Out of Left Field

 
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Out of Left Field

A story about the fight for equal rights in America's favorite arena: the baseball field! Every boy in the neighborhood knows Katy Gordon is their best pitcher, even though she's a girl. But when she tries out for Little League, it's a whole different story. Girls are not eligible, period. It is a boy's game and always has been. It's not fair, and Katy's going to fight back. Inspired by what she's learning about civil rights in school, she sets out to prove that she's not the only girl who plays baseball. With the help of friendly librarians and some tenacious research skills, Katy discovers the forgotten history of female ball players. Why does no one know about them? Where are they now? And how can one ten-year-old change people’s minds about what girls can do?

Set in 1957—the world of Sputnik and Leave It to Beaver, saddle shoes and "Heartbreak Hotel"—Out of Left Field is both a detailed picture of a fascinating historic period and a timelessly inspiring story about standing up for equality at any age.--from the publisher

320 pages             978-0425288597             Ages 8-12

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“Talkin' baseball!

The Man and Bobby Feller

The Scooter, the Barber, and the Newc

They knew 'em all from Boston to Dubuque

Especially Willie, Mickey, and the Duke”

-- Terry Cashman, “Talkin’ Baseball” (1981)

“‘I’m Coach Martin,’ the man said. He had a strong voice that carried. ‘For almost twenty years, Little League has been open to any boy who wants to play baseball. Your race, your religion, your ethnic heritage--none of that matters. Little League is a true democracy. It does not discriminate in any way whatsoever. Each of you has an equal chance to make one of the teams, based only on your skills with a ball and a bat. How about that?

Half the boys gave a ragged cheer.

‘That’s the spirit.’ The man smiled. ‘Today we’re going to see how you run, hit, throw, and catch. We’ll also be watching for some things that are not so easily measured--healthy competition that includes goods sportsmanship and fair play.’ The other men nodded.

‘Success on the field comes from dedication, discipline, and--of course--practice, practice, practice!’ He pounded his fist into his hand. ‘Now who’s ready to play ball?’

This time every kid cheered, me included.

‘That’s what I like to hear.’ He tapped his clipboard.”

It’s the fall of 1957, and ten year-old Katy Gordon has grown up playing baseball with the neighborhood boys. She’s got exceptional talent as a pitcher and those boys have long respected and embraced her for that practiced skill.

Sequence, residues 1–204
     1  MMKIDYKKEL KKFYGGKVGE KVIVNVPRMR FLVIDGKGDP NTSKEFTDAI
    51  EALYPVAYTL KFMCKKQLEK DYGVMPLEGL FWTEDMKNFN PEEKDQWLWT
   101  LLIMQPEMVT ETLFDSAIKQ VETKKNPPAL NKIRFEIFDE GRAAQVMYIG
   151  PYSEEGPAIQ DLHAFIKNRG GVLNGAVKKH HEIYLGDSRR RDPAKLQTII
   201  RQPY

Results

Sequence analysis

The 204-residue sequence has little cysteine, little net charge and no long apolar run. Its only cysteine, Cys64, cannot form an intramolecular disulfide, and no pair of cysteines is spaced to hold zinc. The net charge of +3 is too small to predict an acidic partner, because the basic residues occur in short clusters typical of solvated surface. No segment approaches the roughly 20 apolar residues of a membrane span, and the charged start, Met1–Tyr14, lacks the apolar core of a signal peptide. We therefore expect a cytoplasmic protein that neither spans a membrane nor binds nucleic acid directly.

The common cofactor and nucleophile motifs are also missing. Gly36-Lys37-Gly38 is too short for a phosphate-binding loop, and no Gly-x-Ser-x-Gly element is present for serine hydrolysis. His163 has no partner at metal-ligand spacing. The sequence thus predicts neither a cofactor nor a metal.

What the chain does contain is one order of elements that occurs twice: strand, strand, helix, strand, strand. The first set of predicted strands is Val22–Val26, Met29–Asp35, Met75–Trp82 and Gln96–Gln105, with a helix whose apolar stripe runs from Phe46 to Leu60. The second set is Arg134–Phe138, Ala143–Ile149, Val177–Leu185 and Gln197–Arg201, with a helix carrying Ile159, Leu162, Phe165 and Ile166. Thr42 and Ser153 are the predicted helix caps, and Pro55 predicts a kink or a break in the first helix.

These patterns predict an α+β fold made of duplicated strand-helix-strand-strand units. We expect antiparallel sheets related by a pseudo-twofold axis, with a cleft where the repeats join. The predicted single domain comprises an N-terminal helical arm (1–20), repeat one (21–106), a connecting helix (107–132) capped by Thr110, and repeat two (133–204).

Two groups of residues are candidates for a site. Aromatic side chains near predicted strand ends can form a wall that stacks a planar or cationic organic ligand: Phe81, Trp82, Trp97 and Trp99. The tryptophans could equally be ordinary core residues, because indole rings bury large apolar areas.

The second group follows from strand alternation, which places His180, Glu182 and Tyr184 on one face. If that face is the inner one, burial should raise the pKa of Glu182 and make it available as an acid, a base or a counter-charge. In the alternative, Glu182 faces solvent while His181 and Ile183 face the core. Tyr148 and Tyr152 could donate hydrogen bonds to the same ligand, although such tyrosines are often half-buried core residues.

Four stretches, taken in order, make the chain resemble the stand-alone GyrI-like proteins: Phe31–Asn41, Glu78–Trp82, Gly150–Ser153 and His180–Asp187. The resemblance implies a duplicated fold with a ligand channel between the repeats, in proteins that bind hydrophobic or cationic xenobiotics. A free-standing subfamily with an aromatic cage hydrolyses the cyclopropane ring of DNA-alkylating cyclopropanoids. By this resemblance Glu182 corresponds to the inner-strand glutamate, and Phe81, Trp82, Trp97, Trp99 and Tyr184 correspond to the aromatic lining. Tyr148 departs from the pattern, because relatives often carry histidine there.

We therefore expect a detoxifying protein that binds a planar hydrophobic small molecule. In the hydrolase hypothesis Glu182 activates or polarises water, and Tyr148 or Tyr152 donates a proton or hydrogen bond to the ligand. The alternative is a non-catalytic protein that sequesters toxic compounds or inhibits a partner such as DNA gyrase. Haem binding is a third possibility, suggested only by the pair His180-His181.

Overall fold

Using her initials instead of her name, keeping her hair tucked out of sight, Katy easily makes her way through the Little League tryouts. But her attempt to really democratize the organization quickly short circuits when a boy from outside her neighborhood group rats her out. Katy is unceremoniously shown the door as the local adults and the national Little League organization make it clear that baseball is only for boys.

Fortunately for Katy, her mom has a bit of personal history that causes her to be supportive of Katy’s cause. Katy chooses to research women in baseball for a school term assignment, and uncovers a surprisingly long, rich history of female involvement in the national pastime. In the process, she also learns about Negro League baseball.

I loved so much about OUT OF LEFT FIELD. It’s a great American history story, and it’s filled with camaraderie between Katy and the neighborhood boys. Katy’s quest to document the involvement of women in baseball demonstrates to readers how top notch research was undertaken back in the old pre-Internet days, when one would employ the Readers’ Guide to Periodical Literature, snail mail letter writing, and personal interviewing. And while Katy, despite her best efforts, does not ultimately get to join the Little League, she does get some pretty cool recognition for her hard work.

OUT OF LEFT FIELD will complement one of my all-time nonfiction favs, Karen Blumenthal’s 2005 award-winning LET ME PLAY: THE STORY OF TITLE IX: THE LAW THAT CHANGED THE FUTURE OF GIRLS IN AMERICA. It will also fit in nicely with Kadir Nelson’s Sibert Medal-winning WE ARE THE SHIP: THE STORY OF NEGRO LEAGUE BASEBALL.

Recommended by: Richie Partington, MLIS, California USA

See more of his recommendations: http://richiespicks.pbworks.com

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